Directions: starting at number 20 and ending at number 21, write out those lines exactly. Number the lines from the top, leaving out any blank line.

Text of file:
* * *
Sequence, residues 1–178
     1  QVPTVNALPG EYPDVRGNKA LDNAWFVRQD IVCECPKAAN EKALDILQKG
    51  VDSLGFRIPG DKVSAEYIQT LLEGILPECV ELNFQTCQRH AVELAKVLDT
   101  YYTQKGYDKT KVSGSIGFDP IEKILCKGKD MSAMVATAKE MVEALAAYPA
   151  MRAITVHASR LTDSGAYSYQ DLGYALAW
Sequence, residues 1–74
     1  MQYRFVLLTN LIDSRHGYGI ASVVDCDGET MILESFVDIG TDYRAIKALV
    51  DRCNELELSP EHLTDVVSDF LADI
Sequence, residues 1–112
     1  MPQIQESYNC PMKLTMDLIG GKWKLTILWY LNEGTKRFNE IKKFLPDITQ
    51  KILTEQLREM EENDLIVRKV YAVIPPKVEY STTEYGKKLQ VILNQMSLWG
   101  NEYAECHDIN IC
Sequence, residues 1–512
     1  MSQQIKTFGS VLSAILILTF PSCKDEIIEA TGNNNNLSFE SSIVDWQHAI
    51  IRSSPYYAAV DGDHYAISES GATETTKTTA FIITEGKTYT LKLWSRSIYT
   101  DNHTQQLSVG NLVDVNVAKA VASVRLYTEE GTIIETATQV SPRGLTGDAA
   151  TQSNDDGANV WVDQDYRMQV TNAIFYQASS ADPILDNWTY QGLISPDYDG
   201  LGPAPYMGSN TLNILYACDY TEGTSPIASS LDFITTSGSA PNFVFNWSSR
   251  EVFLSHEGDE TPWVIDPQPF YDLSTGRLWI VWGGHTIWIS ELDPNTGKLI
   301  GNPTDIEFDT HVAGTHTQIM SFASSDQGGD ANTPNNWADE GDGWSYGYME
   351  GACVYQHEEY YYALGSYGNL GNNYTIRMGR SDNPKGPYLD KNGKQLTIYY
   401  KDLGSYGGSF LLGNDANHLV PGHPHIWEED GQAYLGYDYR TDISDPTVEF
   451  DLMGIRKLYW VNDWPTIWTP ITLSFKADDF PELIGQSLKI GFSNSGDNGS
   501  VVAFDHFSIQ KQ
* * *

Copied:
   301  GNPTDIEFDT HVAGTHTQIM SFASSDQGGD ANTPNNWADE GDGWSYGYME
   351  GACVYQHEEY YYALGSYGNL GNNYTIRMGR SDNPKGPYLD KNGKQLTIYY